NEW YORK NURSE: October 2012
A wave of violent assaults is hitting the 11 hospitals in the NYC HHC system. And in each case, nurses say inadequate RN staffing has played a big role.
Reports of attacks at Bellevue, Kings County, Woodhull, Queens, and other HHC hospitals are piling up — patients choking, shoving, and punching RNs, breaking bones.
HHC nurses are taking action — and getting results. Here are two of their stories.
When an ED nurse was attacked by the patient, management tried to hide the problem.
The Chief Nurse told her not to go to the police. By the time the NYPD got there, the assailant was gone, and it was too late to press charges. After months of advocacy, QHC nurses have won a new 9-point action plan from hospital management and police to deal with assaults.
Under the plan, Hospital police are being re-deployed to the most high-risk areas, including a third post to be assigned in the Emergency Department during high volume times.
And Hospital Police will confer with administrators immediately after an assault to review if an arrest is warranted.
“Hospital police have needed a clear policy for a long time,” said Lindella Artman, RN, Chairperson of the NYSNA chapter at QHC.
“We’re taking down the barriers nurses face when they are assaulted. Now we have to make sure this policy is enforced.”
Don’t keep it to yourself
“If you’re the victim of an assault, don’t keep it to yourself. Call your supervisor. If you let time lapse, the police will ask you ‘Why did you wait so long?’ Don’t give them an excuse to do nothing.”
— Elizabeth Giddings, RN, Queens Hospital Center
Eurica Walters-Rodney, RN, a psych nurse at Woohdull in Brooklyn, has had enough.
On August 10, a patient jumped the counter, grabbed Rodney, put her in a chokehold, and sent her to the emergency room.
The attack left Rodney with scars on her face. She is on a leave of absence from work.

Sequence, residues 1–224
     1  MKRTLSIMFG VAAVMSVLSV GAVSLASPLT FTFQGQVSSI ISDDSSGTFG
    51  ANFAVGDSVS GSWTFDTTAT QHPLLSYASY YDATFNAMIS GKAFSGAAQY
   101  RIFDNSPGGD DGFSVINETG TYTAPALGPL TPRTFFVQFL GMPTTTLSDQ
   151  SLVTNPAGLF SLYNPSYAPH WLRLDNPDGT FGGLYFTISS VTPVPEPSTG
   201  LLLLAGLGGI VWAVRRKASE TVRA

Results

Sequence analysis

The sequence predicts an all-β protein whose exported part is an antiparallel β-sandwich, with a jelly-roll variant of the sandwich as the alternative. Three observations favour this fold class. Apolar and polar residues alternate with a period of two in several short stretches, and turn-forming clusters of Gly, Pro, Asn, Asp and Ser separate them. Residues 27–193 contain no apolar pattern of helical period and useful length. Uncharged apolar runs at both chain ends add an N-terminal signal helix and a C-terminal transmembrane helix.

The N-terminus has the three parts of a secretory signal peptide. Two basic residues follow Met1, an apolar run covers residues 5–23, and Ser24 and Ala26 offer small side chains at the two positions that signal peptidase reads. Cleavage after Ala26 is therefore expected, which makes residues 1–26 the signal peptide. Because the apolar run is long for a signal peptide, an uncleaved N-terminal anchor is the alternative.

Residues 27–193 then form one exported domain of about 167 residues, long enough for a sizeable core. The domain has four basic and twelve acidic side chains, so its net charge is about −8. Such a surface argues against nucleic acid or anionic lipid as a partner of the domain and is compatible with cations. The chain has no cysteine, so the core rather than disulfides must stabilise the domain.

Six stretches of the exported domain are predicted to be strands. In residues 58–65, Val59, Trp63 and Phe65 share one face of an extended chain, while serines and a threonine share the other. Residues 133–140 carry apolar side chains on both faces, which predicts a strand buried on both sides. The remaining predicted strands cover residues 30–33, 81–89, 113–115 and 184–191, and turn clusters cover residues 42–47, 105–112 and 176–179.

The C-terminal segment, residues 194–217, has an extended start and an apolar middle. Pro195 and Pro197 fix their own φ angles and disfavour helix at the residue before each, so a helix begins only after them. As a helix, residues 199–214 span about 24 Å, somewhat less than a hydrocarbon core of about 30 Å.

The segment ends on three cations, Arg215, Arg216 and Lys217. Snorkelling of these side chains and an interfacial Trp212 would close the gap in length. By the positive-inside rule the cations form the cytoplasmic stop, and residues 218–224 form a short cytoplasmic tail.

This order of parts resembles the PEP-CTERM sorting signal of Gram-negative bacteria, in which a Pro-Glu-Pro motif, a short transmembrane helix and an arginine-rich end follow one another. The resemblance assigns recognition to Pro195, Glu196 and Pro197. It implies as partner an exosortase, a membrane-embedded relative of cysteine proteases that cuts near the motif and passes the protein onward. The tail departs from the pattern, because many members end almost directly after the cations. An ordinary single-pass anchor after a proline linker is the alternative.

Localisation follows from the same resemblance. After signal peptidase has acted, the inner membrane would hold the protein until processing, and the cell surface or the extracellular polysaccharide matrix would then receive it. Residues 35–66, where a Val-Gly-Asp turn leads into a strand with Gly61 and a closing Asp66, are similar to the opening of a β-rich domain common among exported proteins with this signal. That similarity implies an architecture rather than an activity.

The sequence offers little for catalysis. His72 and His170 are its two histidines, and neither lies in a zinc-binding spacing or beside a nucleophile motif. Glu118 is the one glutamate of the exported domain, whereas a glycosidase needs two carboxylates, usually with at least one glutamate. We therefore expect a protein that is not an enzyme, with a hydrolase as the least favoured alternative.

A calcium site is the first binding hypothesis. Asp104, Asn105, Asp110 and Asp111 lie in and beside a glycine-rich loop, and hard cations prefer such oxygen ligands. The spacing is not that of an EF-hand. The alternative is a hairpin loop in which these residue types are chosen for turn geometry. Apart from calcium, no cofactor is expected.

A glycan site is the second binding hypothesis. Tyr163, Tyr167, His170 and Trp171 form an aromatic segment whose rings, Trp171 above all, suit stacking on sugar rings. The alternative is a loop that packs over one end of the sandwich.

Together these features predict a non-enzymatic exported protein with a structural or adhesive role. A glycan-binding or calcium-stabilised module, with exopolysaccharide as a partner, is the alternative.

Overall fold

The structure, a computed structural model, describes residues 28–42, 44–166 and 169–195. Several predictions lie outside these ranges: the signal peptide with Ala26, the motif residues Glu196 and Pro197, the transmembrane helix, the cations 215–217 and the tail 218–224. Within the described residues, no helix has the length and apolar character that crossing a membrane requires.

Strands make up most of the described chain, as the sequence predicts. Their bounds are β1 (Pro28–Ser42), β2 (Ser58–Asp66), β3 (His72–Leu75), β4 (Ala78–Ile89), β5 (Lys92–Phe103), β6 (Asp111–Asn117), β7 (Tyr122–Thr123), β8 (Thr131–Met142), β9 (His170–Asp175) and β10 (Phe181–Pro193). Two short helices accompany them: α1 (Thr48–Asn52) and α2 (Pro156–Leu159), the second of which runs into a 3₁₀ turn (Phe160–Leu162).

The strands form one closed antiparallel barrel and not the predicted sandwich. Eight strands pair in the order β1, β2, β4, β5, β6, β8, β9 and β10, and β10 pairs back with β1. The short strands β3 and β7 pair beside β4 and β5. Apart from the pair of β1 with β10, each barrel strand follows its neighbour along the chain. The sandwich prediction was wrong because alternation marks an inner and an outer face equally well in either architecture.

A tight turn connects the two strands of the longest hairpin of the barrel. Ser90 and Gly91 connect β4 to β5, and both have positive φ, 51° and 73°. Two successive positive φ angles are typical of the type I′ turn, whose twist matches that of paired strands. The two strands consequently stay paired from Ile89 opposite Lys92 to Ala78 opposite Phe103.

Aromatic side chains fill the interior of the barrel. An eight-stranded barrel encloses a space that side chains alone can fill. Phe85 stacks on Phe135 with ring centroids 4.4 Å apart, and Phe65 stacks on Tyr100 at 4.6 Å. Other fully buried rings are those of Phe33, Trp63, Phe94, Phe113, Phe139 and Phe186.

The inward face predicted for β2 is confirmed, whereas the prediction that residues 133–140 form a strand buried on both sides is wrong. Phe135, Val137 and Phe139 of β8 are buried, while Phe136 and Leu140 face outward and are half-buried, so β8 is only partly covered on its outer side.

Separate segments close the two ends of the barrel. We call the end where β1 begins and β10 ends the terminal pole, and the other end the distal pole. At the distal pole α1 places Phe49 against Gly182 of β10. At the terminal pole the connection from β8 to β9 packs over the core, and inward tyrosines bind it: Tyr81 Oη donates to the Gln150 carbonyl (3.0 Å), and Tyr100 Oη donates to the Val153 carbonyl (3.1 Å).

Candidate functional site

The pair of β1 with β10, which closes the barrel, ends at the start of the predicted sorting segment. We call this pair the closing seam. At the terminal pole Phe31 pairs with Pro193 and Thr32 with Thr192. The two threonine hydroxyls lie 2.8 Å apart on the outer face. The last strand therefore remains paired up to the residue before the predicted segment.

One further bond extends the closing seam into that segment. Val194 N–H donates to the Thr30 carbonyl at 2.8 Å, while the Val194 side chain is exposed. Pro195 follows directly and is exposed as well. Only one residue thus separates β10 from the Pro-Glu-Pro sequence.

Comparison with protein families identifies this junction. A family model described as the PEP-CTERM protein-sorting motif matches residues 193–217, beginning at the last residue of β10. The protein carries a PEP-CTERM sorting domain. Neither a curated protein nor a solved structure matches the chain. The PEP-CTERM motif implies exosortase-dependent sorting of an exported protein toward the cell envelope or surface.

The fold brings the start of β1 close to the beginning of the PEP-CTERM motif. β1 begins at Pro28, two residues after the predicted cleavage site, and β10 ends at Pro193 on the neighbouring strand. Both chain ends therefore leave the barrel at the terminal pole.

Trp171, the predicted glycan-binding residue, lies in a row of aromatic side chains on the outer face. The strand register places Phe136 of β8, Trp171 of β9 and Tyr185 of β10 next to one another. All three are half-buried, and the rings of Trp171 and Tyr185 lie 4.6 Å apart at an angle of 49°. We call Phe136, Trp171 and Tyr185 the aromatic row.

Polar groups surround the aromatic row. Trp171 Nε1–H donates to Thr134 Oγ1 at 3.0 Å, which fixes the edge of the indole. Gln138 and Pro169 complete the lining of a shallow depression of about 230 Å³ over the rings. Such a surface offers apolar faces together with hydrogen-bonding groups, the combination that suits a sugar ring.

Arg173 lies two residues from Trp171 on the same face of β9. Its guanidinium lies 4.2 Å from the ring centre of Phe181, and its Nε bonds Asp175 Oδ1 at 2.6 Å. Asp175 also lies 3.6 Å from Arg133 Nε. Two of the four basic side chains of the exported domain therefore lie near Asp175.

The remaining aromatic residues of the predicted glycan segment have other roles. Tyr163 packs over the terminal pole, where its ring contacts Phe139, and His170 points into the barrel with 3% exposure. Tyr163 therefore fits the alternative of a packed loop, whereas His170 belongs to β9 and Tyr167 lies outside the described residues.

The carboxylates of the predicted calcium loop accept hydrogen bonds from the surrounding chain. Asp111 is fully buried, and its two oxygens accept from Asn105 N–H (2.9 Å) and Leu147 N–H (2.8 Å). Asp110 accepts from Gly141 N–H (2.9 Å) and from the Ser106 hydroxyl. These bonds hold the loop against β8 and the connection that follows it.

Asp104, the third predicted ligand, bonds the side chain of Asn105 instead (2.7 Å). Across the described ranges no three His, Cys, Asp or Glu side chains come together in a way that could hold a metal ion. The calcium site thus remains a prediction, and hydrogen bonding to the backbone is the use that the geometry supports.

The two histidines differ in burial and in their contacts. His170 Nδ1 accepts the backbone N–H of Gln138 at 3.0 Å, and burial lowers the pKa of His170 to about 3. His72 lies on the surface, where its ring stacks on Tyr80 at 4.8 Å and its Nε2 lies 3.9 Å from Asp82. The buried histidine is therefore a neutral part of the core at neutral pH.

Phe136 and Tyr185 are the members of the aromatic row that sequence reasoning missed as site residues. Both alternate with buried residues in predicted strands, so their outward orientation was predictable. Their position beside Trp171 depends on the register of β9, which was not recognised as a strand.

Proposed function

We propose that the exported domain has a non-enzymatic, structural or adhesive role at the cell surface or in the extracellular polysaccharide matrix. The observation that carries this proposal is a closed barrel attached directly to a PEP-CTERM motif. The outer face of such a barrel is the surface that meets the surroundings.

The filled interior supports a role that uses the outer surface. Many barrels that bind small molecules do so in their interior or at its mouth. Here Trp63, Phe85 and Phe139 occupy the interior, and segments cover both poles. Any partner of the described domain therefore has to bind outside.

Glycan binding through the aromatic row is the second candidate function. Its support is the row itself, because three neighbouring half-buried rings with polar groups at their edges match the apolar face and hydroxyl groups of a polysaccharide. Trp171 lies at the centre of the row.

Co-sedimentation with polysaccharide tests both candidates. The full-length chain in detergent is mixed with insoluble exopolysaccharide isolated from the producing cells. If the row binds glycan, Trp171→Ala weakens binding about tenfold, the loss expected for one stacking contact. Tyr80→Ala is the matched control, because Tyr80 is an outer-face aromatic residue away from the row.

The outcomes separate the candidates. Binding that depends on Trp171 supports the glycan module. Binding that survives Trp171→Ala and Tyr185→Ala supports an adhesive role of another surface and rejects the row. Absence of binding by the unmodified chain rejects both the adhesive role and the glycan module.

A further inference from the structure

As she was being wheeled to the emergency room, she told New York City Hospital Police that she wanted to press charges against her assailant. They did nothing, and so Rodney took her case to the NYPD’s 79th Precinct – who also failed to act.
“I’ve been hit before,” said Rodney. “But this was the first time blood was shed.”
Rodney says the unit she was working on is chronically under-staffed.
On the day of the assault, there were just two nurses, and no LPN, caring for 20 patients.
Since there was no LPN, one RN had to administer medication – leaving Eurica alone to deal with the needs of 20 patients.
Rodney is joining other NYSNA nurses to take their case to the New York City Council – to speak out for enforcement of New York’s law against assaulting a nurse, and to demand adequate staffing in HHC facilities.
“Nurses deserve the protection of the law,” Rodney says. “This sends the wrong message to nurses and to our patients – it teaches people that they can hurt a nurse and get away with it.”
Do you have a story you need to tell to the City Council? Contact NYSNA Community Affairs Rep Carol Pittman with your story today, at 212-785-0157, ext 201, or email@example.com.
“Nurses deserve the protection of the law. This sends the wrong message to nurses and to our patients – it teaches people that they can hurt a nurse and get away with it.”
— Eurica Walters-Rodney, RN, Woodhull Medical Center